Skip to main content

The El Paso Streetcar

In November 2018, a part of El Paso's past returned to the city's streets- the El Paso Streetcar.  Forty-four years after the last streetcar ran on city streets, the city inaugurated a new service.

El Paso's first streetcar system began as horse-drawn cars in 1881.  Twenty years later, the first electric streetcars began operation.  The electric cars were operated by the El Paso Electric Railway Company.  At its peak, the El Paso Streetcar system consisted of 64 miles of track running seventeen lines.

By the end of the Second World War, El Paso was down to a single line, the line that linked El Paso to Juarez, Mexico.  This line was the only local transit line to serve two different countries.  It was highly popular with tourists and residents of both cities.

Well into the early 1970s, the streetcar was a popular option for travel from Juarez to El Paso and vice versa.  Here passengers board in El Paso bound for Juarez.  (Public Domain)

The El Paso Streetcar service to Juarez ended in 1973.  That year, a strike supporting former Mexican toll collectors blocked cars from entering Mexico, ending service there.  A year later, all streetcar service in El Paso stopped.  Over the next thirty years, numerous studies and proposals - including a light rail line or a people mover - were made to restore service between El Paso and Juarez.  Over time, the studies found limiting operations to El Paso the most feasible.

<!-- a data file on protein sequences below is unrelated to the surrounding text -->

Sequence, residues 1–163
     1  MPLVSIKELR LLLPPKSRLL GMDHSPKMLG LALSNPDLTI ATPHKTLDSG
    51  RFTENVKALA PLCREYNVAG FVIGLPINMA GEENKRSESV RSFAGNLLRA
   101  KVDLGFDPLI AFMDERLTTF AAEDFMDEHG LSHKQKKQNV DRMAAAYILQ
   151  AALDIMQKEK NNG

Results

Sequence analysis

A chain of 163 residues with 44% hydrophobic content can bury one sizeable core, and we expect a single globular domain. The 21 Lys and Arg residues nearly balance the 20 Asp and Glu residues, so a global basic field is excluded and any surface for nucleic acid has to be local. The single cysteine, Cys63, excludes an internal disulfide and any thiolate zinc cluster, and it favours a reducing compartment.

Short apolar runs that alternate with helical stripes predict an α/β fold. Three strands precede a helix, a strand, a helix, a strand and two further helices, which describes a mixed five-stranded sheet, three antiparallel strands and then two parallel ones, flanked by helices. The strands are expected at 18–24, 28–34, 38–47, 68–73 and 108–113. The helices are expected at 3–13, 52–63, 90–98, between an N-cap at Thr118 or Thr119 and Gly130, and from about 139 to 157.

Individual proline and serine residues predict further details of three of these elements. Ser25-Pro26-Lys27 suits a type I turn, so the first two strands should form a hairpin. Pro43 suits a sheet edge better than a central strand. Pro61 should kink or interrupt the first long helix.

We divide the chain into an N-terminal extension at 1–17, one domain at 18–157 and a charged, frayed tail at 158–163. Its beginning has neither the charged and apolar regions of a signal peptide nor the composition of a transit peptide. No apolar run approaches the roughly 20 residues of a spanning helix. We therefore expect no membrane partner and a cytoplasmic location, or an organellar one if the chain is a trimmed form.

Fast forward to 2014, when the Camino Real Regional Mobility Authority received $97 million to restore streetcar service to El Paso.  

The current El Paso Streetcar Route

The current El Paso Streetcar system is a 4.8-mile figure-8 loop that services the University of Texas - El Paso, Downtown, Government complexes, the Arts District, and the area near the international bridges.  The fleet consists of six restored PCC (Presidents' Conference Committee) cars.  The restored cars are the same cars that ran along El Paso and Juarez streets from 1950 - 1974.  These cars first had been in operation in San Diego.  In 1950, El Paso purchased 20 PCC cars from the San Diego Electric Railway.  A year earlier, in 1949, San Diego had ended their streetcar network.  The cars were shipped from San Diego to El Paso and put into service.

Refurbished PCC Car #1511 has a perimeter seating arrangement.  This was a common feature on many of the Juarez-bound cars.

With the end of service in El Paso, nine PCCs moved into storage near El Paso International Airport.  Six of the nine were fully refurbished as part of the new streetcar line.  The cars were painted to match the livery of the 1950s.  Inside, the cars retain the look and feel of the classic PCCs but with modern amenities - air conditioning, wifi, wheelchair lifts, and bike racks.

Initially, the new service charged $1.50 per ride.  Currently, it is completely free to ride the El Paso Streetcar.  Typical service has four cars running at a time- so on average, you can expect a car to go by your stop every 15 minutes.

Beginning in September 2023, El Paso's streetcar system will operate seven days a week. Hours will be 7 am to 7 pm Monday-Thursday, 7 am to 11 pm Friday, Noon to 11 pm Saturday, and Noon to 6 pm Sunday.